The Skin Diversity Learning Series: Expanding Perspectives in Dermatology was launched last fall. This new program, made possible through sponsorship from Johnson & Johnson Consumer Health in Canada to the CDA’s Corporate Supporter Program, includes six accredited modules and is the CDA’s first program designed to expand and update dermatologists’ knowledge of diverse skin types, helping ensure all patients receive representative, optimal care.
“Movements like Black Lives Matter have brought many inequities to the forefront,” says Dr. Abdullah. “In dermatology, we recognize that it’s important to see colour and understand how it impacts our patients’ clinical presentation and their response to treatment. It’s important to highlight these differences to clinicians to heighten awareness and improve diagnostic accuracy, ultimately ensuring patients get the right treatment.”
Canadians can learn more about the program and the CDA’s diversity and inclusion commitments by visiting the CDA at dermatology.ca or CDA Statement on Diversity & Inclusion - Canadian Dermatology Association.
How to treat and manage eczema
Dr. Abdullah, who is a member of the CDA and earned the Dr. André Peloquin Award for excellence in patient care, says:
“Understand that eczema is chronic—it requires maintenance treatment to prevent flares and adequate treatment when flaring. While it can be frustrating to experience the ups and downs as a patient or the parent of a patient, skincare is one of the backbone strategies for prevention. Look for cleansers and moisturizers with soothing, ceramide-producing ingredients like oats. Limit exposure to fragrances and harsh soaps.
While many people around you may have opinions on the treatment of your skin, a board-certified dermatologist with experience in skin of colour is best positioned to establish your diagnosis and treatment plan. Ask questions about your diagnosis and look for guidance or suggestions on skin care options that are suitable for you.”
It’s imperative everyone, regardless of skin type, be proactive in their own skincare; becoming knowledgeable about your symptoms and being able to explain to your healthcare provider in detail what you’re experiencing will be helpful in your diagnosis.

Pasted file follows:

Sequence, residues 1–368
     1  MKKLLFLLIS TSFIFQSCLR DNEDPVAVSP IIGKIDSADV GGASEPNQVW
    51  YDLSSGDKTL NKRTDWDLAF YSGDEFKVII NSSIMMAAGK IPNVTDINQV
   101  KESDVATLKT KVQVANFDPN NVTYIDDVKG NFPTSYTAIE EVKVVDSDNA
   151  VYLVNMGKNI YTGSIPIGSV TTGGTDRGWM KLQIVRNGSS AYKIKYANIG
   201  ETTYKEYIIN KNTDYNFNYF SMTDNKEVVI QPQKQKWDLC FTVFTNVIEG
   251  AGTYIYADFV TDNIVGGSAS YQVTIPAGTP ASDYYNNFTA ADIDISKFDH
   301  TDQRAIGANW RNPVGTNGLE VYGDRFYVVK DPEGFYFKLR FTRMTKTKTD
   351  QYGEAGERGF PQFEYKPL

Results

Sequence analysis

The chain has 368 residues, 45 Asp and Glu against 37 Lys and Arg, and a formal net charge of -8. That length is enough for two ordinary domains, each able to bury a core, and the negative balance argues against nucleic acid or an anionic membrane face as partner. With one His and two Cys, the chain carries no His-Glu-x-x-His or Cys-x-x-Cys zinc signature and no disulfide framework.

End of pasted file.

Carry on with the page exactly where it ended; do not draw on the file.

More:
Brands like Aveeno are facilitating conversations with dermatologists to drive awareness so that all Canadians can have healthy-looking skin. To learn more about the diagnosis and treatment of eczema on Black skin, visit aveeno.ca/skin-hair-solutions/eczema/skin-of-colour
[i] *Halder, R.M., Grimes, P.E., McLaurin, C.I., Kress, M.A., & Kenney, J.A. (1983). Incidence of common dermatoses in a predominantly black dermatologic practice. Cutis, 32, 388-390. Eczema Prevalence, Quality of Life and Economic Impact (nationaleczema.org) accessed 7.18.21
**Louie P, Wilkes R. Representations of race and skin tone in medical textbook imagery. Soc Sci Med. 2018 Apr;202:38-42. doi: 10.1016/j.socscimed.2018.02.023. Epub 2018 Feb 23. PMID: 29501717. Representations of race and skin tone in medical textbook imagery - ScienceDirect accessed 7.18.21
[iii] Fisher et al . Racial and ethnic differences in healthcare utilization for childhood eczema: an analysis of the 2001–2013 Medical Expenditure Panel Surveys. J Am Acad Dermatol. 2017 December ; 77(6): 1060–1067. doi:10.1016/j.jaad.2017.08.035.
[iv] . Louie P, Wilkes R. Representations of race and skin tone in medical textbook imagery. Soc Sci Med. 2018 Apr;202:38-42. doi: 10.1016/j.socscimed.2018.02.023. Epub 2018 Feb 23. PMID: 29501717. Representations of race and skin tone in medical textbook imagery - ScienceDirect accessed 7.18.21